Radical. Visionary. Nonconformist. 100 Years November Group

13 Oct 2018 – 10 Feb 2019

Die Möwe

Berlin, Germany


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Since the opening of the ‘Möwe’, artists of the November group have been a main topic of the gallery’s exhibition and collection activities. Our presentation ‘Radical. Visionary. Nonconformist.’ pays tribute to the foundation of this artists’ association, 100 years ago.


From 13 October 2018 to 9 February 2019, the ‘Möwe’ exhibits works of art, not only by the founding members Cesar Klein and Moritz Melzer, but also paintings by Hans BrassHerbert Behrens-HangelerErwin HahsGert Wollheim, and Richard Ziegler. The presentation is completed by the works of many other Novembrists, as Rudolf AuslegerGottfried GrafPaul Grunwaldtand Albert Mueller.

The November Group
After the disaster of the First World War, and under the November Revolution’s inspiring influence, the members of the 1918-founded November Group wanted to be ‘radical in rejecting previous ways of expression, and radical in using new ways of expression’. In addition, they wanted to take part, in a socially active way, in the creation of the future art in the young republic. Not only painters, but also sculptors, composers, architects, and art theorists devoted themselves to those aims.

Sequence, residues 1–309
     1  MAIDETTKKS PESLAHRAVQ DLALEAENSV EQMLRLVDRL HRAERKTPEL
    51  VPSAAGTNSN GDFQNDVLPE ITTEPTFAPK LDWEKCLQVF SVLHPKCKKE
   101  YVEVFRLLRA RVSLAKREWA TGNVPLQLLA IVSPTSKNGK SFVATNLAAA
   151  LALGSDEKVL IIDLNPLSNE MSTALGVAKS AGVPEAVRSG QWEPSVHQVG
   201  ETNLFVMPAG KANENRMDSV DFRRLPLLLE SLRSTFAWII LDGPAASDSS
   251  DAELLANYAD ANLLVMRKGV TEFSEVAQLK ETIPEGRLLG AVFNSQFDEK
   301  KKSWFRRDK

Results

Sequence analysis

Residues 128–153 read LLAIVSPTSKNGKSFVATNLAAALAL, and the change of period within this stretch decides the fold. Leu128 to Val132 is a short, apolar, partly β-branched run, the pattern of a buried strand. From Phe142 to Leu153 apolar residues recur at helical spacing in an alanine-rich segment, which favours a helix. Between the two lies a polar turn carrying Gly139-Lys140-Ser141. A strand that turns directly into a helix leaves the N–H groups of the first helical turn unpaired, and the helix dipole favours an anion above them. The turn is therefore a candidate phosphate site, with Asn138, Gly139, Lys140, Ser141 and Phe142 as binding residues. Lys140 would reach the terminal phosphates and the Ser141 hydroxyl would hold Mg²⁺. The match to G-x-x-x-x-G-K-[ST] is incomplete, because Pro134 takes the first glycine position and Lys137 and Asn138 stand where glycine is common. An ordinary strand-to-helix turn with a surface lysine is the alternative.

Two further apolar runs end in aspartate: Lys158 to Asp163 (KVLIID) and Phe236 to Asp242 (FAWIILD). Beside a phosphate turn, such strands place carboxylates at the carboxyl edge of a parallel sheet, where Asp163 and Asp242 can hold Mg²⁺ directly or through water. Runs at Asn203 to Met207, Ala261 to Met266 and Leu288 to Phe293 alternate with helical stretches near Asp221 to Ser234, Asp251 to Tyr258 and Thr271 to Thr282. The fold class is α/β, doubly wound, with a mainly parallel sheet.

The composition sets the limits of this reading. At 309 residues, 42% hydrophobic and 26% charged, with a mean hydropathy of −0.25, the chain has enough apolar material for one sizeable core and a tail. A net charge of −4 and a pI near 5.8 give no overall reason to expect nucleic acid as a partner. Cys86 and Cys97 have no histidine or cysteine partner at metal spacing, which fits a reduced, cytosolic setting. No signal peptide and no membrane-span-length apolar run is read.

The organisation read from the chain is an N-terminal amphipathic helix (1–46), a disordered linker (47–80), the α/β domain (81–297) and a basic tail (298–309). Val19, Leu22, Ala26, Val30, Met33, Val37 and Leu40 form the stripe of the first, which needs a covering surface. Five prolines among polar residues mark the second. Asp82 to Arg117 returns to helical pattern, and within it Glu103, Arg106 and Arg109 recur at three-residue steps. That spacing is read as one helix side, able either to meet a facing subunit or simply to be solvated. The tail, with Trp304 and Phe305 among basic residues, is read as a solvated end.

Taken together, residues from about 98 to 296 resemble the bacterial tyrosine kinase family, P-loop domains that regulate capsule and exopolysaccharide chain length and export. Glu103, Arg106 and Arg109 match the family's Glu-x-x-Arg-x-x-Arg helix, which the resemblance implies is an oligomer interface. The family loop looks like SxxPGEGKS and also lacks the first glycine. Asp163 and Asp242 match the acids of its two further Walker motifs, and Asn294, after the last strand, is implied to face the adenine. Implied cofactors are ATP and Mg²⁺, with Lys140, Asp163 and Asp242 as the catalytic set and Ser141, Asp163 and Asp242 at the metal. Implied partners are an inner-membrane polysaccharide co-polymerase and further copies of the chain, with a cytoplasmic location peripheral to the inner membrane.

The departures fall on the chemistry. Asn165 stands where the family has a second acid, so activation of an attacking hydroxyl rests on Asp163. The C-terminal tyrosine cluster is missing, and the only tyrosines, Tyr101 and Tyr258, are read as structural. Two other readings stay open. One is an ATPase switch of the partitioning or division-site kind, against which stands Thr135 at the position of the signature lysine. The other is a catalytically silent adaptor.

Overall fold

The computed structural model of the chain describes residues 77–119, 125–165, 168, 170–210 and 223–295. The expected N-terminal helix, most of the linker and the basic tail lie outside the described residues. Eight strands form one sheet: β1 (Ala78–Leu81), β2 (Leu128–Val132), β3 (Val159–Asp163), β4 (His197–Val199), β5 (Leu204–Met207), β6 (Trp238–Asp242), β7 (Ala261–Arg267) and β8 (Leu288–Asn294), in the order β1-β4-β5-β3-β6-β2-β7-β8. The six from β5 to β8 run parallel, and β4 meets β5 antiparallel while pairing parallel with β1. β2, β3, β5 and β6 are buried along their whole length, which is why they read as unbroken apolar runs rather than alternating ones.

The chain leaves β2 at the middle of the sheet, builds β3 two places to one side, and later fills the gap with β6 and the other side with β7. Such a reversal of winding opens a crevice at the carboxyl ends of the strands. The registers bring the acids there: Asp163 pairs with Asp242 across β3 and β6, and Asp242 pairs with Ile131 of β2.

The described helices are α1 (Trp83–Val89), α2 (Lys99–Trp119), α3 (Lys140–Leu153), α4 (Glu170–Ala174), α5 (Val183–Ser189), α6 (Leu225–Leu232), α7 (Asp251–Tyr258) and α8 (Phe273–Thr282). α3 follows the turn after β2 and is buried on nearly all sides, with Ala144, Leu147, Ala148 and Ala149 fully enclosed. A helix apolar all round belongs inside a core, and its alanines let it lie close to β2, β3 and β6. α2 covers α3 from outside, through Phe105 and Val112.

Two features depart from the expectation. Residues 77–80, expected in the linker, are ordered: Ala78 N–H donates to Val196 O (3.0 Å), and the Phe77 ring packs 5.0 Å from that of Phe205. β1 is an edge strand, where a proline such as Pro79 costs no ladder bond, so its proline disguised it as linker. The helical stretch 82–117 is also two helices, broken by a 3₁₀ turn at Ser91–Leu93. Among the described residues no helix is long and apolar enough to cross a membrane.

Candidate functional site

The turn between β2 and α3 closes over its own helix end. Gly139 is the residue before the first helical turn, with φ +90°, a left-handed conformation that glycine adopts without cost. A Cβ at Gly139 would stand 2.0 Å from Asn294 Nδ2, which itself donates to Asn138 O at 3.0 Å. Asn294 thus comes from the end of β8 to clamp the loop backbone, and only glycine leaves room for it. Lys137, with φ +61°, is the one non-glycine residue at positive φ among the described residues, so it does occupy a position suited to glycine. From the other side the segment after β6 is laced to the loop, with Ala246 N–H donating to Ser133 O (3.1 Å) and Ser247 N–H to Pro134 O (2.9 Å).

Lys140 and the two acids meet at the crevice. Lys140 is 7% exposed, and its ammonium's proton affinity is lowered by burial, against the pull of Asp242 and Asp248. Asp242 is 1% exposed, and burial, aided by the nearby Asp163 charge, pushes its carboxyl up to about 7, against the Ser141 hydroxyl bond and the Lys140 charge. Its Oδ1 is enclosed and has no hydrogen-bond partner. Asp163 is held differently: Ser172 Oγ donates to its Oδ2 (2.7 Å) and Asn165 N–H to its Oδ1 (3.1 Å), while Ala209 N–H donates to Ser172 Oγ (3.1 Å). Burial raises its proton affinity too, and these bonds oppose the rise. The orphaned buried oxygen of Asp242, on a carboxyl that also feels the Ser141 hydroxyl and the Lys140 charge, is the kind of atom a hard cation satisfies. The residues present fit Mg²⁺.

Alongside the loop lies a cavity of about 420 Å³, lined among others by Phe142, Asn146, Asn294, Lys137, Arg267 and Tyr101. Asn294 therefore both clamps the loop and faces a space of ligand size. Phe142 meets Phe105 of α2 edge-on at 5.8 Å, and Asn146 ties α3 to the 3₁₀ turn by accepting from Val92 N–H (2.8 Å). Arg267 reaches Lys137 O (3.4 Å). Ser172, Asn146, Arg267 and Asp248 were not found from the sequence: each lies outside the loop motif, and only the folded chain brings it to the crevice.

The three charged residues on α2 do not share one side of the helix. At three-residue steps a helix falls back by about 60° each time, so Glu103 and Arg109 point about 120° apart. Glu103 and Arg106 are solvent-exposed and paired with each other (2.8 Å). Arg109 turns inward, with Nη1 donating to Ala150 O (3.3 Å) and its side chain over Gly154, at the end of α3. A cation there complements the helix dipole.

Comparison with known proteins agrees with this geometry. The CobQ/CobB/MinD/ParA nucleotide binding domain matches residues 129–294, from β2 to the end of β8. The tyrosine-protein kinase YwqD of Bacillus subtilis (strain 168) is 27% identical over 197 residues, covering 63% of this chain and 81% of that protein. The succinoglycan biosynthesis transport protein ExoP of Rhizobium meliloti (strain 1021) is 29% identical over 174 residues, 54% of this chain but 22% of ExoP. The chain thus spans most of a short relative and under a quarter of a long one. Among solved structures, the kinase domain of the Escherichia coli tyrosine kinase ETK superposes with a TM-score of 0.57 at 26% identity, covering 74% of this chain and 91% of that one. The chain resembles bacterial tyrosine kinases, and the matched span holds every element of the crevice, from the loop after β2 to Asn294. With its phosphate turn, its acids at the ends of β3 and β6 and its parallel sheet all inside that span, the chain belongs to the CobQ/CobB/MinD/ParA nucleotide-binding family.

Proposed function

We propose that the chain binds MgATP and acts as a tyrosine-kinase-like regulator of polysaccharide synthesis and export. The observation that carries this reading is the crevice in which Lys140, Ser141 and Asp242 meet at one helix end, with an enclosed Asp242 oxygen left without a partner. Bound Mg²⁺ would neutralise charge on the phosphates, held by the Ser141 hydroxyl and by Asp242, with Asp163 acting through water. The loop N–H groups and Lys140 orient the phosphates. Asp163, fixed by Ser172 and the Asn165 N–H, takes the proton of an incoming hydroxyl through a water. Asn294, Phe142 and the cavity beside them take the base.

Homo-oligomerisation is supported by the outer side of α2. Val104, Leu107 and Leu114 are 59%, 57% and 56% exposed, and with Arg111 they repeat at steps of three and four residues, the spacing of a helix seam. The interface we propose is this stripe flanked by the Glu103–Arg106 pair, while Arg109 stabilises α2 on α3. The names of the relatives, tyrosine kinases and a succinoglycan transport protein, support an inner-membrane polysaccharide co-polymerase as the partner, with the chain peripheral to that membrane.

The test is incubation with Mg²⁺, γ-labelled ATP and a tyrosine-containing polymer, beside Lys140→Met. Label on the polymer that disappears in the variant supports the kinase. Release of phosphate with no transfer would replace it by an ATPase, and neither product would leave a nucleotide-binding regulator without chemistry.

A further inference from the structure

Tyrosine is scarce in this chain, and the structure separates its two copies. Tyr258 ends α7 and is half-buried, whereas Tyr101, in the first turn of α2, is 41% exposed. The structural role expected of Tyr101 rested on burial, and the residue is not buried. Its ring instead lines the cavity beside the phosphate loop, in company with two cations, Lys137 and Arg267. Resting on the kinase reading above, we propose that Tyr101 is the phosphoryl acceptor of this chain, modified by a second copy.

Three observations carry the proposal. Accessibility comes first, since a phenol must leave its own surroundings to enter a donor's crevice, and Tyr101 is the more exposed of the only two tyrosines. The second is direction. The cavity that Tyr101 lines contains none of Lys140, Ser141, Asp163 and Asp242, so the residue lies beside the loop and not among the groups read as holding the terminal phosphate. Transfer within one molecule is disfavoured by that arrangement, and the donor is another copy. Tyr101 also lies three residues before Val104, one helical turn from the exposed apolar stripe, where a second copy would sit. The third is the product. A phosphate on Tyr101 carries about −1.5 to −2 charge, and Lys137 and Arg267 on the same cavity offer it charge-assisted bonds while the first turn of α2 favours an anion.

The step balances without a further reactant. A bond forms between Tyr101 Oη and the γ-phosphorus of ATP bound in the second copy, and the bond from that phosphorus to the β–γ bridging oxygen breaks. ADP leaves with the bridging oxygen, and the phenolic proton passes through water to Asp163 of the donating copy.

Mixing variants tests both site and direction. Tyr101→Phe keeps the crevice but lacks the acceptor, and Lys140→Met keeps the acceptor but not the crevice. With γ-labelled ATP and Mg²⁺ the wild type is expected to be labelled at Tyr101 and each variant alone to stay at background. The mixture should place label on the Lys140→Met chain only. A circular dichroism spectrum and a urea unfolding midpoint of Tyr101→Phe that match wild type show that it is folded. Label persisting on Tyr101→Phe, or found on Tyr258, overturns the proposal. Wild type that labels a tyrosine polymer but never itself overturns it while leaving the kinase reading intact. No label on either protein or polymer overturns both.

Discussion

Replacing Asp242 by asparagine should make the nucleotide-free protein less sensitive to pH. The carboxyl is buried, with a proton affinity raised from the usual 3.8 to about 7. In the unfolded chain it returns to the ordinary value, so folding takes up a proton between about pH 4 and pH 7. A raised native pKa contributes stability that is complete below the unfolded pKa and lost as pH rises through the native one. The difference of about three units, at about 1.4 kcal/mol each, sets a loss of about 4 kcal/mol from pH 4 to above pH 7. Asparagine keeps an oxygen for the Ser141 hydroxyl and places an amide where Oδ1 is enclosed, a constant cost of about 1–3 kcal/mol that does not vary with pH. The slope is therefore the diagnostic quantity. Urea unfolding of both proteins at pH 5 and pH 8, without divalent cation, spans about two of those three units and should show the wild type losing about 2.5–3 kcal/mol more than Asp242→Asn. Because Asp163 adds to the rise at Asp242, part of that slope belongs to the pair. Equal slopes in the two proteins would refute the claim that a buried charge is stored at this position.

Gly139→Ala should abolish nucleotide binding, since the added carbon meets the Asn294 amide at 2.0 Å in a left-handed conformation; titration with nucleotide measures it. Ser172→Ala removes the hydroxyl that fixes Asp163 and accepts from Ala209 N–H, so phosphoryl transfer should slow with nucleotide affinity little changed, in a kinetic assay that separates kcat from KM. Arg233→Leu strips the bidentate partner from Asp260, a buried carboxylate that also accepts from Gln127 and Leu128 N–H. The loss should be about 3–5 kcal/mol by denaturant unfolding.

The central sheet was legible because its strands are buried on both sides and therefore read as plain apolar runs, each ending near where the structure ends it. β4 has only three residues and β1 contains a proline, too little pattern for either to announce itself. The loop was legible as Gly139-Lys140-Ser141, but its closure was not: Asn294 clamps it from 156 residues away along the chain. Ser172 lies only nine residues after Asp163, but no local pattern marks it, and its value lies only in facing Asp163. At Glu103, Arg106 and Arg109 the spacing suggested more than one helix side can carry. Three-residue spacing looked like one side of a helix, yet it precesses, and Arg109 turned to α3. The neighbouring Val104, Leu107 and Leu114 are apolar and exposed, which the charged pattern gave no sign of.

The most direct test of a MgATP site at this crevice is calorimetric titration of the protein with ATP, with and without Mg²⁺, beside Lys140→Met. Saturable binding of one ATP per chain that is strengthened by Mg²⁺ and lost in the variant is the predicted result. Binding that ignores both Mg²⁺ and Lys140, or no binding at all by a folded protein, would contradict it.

The group was inspired by a democratic and liberal idea: Its members wanted to unite the art and the masses, and they were open to all contemporary stylish trends, as Expressionism, Cubism, Futurism, Dadaism, Neorealism, and Abstraction. Furthermore, they cultivated contacts with progressive artists’ groups in Germany and other European countries. The diversity of stylistic trends corresponds to a diversity in the subjects of their artistic work, ranging from the shocking experiences during the world war, via living conditions in large cities, up to an individual view of the contemporary human being.
In the years between 1919 and 1932, the November Group’s exhibitions presented more than 470 artists of the German and European avant-garde. Its participation in the popular Großen Berliner Kunstausstellung was, in particular, an essential contribution to the acceptance of modern art. When the National Socialists came to power, they slandered the artists’ association as ‘Red November Group’ and excluded it from the index of associations. Works of art by many Novembrists were defamed as ‘degenerate’ and removed from German museums. After 1945, the artists were taking different paths. Some of them were continuing their artistic work of the 1920s, others were looking for totally new contents and artistic forms.

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